AUG 14th 2014

A peek behind the door of a Pebble Beach‑standard restorer...

‘See? There’s too much pinch on that door’ says Chris Ashworth as he points out a tiny imperfection on the coachwork of a one-of-two Duesenberg Model J which his firm Romance With Rust has been commissioned to correct. ‘True coach-built cars were built at a higher level than that.’ Like a fool I nodded in agreement, as if I had an idea of what it takes to produce 100-point bodywork, the likes of which will be on display in abundance at Pebble Beach this week. GRR dropped by this Orange, California workshop on our way to Monterey to get a glimpse of what it takes to get the cars up-to-snuff.

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‘We’ve done a bunch of cars recently for Pebble Beach’ continues Chris, who developed his skills in his native Stockport before becoming one of California’s go-to men if you happen to have  a multi-million dollar car which needs to stand up to the firmest scrutiny. A brief list of cars to have recently left this modest workshop to go and be either raced or judged by concours panels are an ex-Targa Florio Porsche 906, Alfa G1, Lamborghini 330, Ferrari 365GTB 2+2, and a Ferrari 330. The current list of jobs includes two Ferrari 250 GT Lussos, a Ferrari 365 GTC, and the aforementioned Duesenberg. Not bad …

‘Look at that weld there’ he says as he points to a hidden part of the 365s construction. ‘Shocking’ he continues. ‘But that’s how they were made so we won’t touch it. The 250 Lusso is much the same. It’s important to adopt the mindset of the people who built the car at the time.’ A stroll into an adjoining workshop reveals the second of the two Lussos receiving its 120th hour of polishing. Looking at the way the light bounces perfectly off the paintwork it’s hard to imagine it being any better. ‘We’re not finished with it yet either’ Chris tells us. ‘You have to be true to the car if you want to do them justice.’ Bear in mind that the same car had benefitted from many more hours of metalwork before Chris and his team turned to the paint and it’s clear that the owners are interested only in the quality of the end-result.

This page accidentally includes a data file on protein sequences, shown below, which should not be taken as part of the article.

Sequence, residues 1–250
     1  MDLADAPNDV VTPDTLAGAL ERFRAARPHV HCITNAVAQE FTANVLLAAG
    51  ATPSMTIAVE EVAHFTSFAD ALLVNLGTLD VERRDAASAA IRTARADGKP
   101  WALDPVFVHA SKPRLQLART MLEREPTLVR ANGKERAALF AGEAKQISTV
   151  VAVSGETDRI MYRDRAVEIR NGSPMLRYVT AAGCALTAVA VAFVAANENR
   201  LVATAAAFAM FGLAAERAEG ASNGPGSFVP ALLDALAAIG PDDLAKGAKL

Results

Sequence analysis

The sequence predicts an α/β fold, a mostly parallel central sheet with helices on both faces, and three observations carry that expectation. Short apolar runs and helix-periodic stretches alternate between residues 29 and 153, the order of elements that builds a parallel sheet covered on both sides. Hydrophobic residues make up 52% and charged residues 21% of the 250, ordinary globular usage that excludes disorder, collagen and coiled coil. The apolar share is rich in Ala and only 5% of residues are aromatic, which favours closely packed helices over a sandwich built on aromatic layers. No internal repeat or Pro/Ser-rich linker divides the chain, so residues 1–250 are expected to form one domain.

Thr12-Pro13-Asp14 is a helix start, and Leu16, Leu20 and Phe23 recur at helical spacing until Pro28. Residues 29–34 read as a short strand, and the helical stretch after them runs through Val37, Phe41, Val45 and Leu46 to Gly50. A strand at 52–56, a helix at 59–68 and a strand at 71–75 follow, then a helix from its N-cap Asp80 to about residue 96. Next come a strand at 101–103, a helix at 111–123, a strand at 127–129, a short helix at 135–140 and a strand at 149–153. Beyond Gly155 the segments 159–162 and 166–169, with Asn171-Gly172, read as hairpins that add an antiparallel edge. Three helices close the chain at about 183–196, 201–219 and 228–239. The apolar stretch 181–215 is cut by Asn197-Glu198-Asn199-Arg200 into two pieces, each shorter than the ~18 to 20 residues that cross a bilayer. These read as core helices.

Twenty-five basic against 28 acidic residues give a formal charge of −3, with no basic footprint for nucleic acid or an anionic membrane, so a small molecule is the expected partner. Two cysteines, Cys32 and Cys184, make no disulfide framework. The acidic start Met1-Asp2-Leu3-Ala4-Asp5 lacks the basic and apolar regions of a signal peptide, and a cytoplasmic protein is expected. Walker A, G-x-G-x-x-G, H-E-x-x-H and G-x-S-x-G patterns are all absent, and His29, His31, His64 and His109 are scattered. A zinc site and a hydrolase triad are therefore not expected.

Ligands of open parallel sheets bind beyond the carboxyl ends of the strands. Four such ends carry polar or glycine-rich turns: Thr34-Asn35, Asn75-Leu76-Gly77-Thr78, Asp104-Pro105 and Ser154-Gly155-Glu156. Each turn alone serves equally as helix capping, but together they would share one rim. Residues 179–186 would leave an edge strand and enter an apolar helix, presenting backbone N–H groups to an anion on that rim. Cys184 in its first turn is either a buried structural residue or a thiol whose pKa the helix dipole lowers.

That the firm can pretty much choose the work it wants to take on nowadays sums up its standing having risen to the upper ranks of the restoration industry, although Mr Ashworth modestly insists: ‘we’re just happy being a little cog in the big machine.’

Find out just how big the machine is getting when GRR reports live from the first Bonhams auction later today and THAT Ferrari 250 GTO. As for the concours, we may not  have heard the last of this Englishman abroad and his crew.

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